Event Title

Quantifying Lake Sediment Elemental Abundance with a Scanning Electron Microscope

Location

CSU 204

Start Date

9-4-2012 3:00 PM

End Date

9-4-2012 4:00 PM

Student's Major

Chemistry and Geology

Student's College

Science, Engineering and Technology

Mentor's Name

Chad Wittkop

Mentor's Department

Chemistry and Geology

Mentor's College

Science, Engineering and Technology

Description

Our previous work quantified siderite (FeCO3) abundance within the sediments of Otter Lake, Michigan. Siderite forms in a restricted geochemical environment and is often associated with hydrocarbons and iron ore deposits. To further understand how siderite forms, we collected elemental data from Otter Lake sediments with a scanning electron microscope (SEM). SEMs are used to perform microanalysis by reflecting electrons off the surface and greatly magnifying the specimen. When electrons with several kilovolts of energy encounter a surface, X-rays are produced and emitted that show the characteristics of the atoms present. From the measurement of the wavelength of the emitted X-rays we are able to quantify how much of an element is present. We collected bulk elemental abundance data throughout the Otter Lake core in 20-cm intervals and plotted them against calendar years before present (cal yr BP). We then compared elements sensitive to reduction-oxidation (redox) with non-sensitive redox elements to further understand the controls of siderite production. We also examined siderite crystal morphology compared to various elemental abundances. We also tested whether the SEM elemental abundance data compares to previously collected data of a more reliable, but expensive method to quantify elemental abundance, inductively coupled plasma mass spectrometry (ICPMS). SEM’s elemental data shows that when more iron is available, the more abundant siderite is; except after 2200 cal yr BP, where iron is still available, but siderite is not produced. We also determined that SEM’s data is comparable to ICPMS data.

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Apr 9th, 3:00 PM Apr 9th, 4:00 PM

Quantifying Lake Sediment Elemental Abundance with a Scanning Electron Microscope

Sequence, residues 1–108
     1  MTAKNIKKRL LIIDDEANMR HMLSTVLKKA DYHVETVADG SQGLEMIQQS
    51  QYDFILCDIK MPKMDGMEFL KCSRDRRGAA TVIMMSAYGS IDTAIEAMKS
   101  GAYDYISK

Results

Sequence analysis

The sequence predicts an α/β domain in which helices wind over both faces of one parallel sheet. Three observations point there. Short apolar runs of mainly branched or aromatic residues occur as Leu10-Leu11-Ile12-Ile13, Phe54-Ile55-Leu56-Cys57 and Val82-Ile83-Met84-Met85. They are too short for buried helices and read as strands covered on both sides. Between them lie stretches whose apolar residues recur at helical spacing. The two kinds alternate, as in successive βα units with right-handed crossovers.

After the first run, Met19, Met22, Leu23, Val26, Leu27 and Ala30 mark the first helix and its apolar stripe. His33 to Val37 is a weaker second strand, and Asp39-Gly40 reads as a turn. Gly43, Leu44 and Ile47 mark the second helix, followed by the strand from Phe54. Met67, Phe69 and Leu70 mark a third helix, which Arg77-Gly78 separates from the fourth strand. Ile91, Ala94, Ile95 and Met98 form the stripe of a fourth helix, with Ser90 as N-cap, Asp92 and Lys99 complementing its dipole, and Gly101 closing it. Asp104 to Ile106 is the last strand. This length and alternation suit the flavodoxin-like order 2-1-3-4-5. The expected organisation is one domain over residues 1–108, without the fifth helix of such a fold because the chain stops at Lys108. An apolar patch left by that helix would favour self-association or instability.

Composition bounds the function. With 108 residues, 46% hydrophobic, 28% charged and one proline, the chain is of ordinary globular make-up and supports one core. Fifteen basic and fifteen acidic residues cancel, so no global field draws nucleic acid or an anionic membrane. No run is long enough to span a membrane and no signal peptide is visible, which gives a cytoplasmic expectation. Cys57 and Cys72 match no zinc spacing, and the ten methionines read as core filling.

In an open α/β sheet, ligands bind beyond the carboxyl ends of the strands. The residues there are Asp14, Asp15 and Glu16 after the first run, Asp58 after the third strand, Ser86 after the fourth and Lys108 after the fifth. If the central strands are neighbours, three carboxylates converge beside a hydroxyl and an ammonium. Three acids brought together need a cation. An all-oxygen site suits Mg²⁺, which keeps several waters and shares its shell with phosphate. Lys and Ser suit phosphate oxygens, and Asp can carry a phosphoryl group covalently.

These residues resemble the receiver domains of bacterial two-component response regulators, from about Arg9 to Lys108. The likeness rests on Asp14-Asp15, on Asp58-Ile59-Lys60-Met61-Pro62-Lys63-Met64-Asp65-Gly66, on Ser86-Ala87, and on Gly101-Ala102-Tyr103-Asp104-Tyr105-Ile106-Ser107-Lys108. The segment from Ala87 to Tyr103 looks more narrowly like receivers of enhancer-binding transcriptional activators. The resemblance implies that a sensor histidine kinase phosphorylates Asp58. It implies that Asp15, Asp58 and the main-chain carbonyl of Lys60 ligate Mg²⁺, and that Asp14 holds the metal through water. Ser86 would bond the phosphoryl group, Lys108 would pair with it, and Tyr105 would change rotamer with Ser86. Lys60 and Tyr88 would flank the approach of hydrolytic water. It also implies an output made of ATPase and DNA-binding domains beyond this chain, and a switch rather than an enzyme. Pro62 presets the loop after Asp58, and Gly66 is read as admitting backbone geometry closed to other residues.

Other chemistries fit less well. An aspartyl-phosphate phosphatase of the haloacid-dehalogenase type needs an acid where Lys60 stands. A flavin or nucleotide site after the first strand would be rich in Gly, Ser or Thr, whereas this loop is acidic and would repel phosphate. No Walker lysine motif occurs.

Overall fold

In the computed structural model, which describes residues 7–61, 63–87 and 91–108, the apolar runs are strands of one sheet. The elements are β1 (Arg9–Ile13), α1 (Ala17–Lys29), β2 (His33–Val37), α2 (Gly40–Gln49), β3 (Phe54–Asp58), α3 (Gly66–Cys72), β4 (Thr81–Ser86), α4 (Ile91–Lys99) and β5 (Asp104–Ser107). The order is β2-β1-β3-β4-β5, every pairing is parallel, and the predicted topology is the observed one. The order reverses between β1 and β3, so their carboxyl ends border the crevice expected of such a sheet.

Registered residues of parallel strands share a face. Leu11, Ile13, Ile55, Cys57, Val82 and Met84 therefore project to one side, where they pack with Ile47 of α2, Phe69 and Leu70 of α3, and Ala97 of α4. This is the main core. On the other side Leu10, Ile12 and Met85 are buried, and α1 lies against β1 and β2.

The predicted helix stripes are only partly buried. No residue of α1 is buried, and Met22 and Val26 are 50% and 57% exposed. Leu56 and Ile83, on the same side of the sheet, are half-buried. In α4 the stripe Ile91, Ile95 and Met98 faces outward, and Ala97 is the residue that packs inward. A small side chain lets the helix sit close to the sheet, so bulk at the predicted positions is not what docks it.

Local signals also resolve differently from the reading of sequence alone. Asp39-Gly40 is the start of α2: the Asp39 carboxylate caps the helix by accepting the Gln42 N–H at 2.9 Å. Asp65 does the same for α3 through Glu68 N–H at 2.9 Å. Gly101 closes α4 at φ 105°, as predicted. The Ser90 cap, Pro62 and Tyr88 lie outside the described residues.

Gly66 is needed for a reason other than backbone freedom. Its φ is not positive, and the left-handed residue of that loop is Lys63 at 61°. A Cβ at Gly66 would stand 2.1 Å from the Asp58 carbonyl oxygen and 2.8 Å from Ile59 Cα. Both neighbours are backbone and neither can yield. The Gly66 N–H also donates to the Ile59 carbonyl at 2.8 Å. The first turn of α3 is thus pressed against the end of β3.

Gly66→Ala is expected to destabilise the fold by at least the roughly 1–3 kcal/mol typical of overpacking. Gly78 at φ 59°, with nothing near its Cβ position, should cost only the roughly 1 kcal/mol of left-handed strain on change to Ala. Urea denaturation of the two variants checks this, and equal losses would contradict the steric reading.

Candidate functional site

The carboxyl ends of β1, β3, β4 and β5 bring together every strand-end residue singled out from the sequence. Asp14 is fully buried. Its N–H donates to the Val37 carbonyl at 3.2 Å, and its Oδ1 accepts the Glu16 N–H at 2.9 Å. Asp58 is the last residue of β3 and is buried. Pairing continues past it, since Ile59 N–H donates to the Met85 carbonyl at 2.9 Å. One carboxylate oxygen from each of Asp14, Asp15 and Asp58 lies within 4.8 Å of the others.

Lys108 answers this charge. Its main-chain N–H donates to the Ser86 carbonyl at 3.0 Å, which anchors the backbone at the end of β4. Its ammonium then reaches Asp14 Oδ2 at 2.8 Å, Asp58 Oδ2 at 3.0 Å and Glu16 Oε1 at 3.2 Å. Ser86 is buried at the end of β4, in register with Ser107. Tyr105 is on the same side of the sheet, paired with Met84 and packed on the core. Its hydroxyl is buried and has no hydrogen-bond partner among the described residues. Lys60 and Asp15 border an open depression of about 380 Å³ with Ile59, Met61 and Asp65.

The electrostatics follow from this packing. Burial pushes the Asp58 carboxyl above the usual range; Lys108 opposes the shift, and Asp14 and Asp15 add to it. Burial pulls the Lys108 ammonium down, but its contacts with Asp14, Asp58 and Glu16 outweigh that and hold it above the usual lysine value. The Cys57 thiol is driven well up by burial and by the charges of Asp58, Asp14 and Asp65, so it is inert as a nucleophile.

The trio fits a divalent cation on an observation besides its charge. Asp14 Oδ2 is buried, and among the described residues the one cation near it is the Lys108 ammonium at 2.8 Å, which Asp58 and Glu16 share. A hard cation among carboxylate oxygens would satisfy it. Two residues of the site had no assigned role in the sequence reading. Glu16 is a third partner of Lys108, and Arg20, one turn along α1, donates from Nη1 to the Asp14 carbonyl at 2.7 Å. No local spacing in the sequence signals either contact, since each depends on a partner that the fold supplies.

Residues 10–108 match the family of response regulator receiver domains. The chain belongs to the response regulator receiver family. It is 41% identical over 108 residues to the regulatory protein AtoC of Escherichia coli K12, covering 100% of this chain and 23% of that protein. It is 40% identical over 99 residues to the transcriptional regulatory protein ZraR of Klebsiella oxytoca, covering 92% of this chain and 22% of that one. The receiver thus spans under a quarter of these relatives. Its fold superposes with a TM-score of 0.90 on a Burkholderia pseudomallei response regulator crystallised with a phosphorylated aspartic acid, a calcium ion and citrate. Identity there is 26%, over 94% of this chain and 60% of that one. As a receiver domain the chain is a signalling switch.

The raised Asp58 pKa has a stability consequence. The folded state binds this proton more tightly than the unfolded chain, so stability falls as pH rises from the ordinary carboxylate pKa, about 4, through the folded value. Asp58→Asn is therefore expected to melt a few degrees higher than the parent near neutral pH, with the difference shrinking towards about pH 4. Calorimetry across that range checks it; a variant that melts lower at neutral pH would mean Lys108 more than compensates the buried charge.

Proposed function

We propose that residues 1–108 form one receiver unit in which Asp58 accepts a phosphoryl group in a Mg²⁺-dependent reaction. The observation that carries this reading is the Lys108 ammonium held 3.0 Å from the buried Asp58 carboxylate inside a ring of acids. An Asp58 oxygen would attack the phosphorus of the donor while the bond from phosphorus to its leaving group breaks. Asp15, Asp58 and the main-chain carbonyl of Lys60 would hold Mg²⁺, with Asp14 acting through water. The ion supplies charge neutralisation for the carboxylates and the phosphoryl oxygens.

CSU 204

Our previous work quantified siderite (FeCO3) abundance within the sediments of Otter Lake, Michigan. Siderite forms in a restricted geochemical environment and is often associated with hydrocarbons and iron ore deposits. To further understand how siderite forms, we collected elemental data from Otter Lake sediments with a scanning electron microscope (SEM). SEMs are used to perform microanalysis by reflecting electrons off the surface and greatly magnifying the specimen. When electrons with several kilovolts of energy encounter a surface, X-rays are produced and emitted that show the characteristics of the atoms present. From the measurement of the wavelength of the emitted X-rays we are able to quantify how much of an element is present. We collected bulk elemental abundance data throughout the Otter Lake core in 20-cm intervals and plotted them against calendar years before present (cal yr BP). We then compared elements sensitive to reduction-oxidation (redox) with non-sensitive redox elements to further understand the controls of siderite production. We also examined siderite crystal morphology compared to various elemental abundances. We also tested whether the SEM elemental abundance data compares to previously collected data of a more reliable, but expensive method to quantify elemental abundance, inductively coupled plasma mass spectrometry (ICPMS). SEM’s elemental data shows that when more iron is available, the more abundant siderite is; except after 2200 cal yr BP, where iron is still available, but siderite is not produced. We also determined that SEM’s data is comparable to ICPMS data.

Recommended Citation

Lubenow, Brady. "Quantifying Lake Sediment Elemental Abundance with a Scanning Electron Microscope." Undergraduate Research Symposium, Mankato, MN, April 9, 2012.
http://cornerstone.lib.mnsu.edu/urs/2012/oral-session-13/2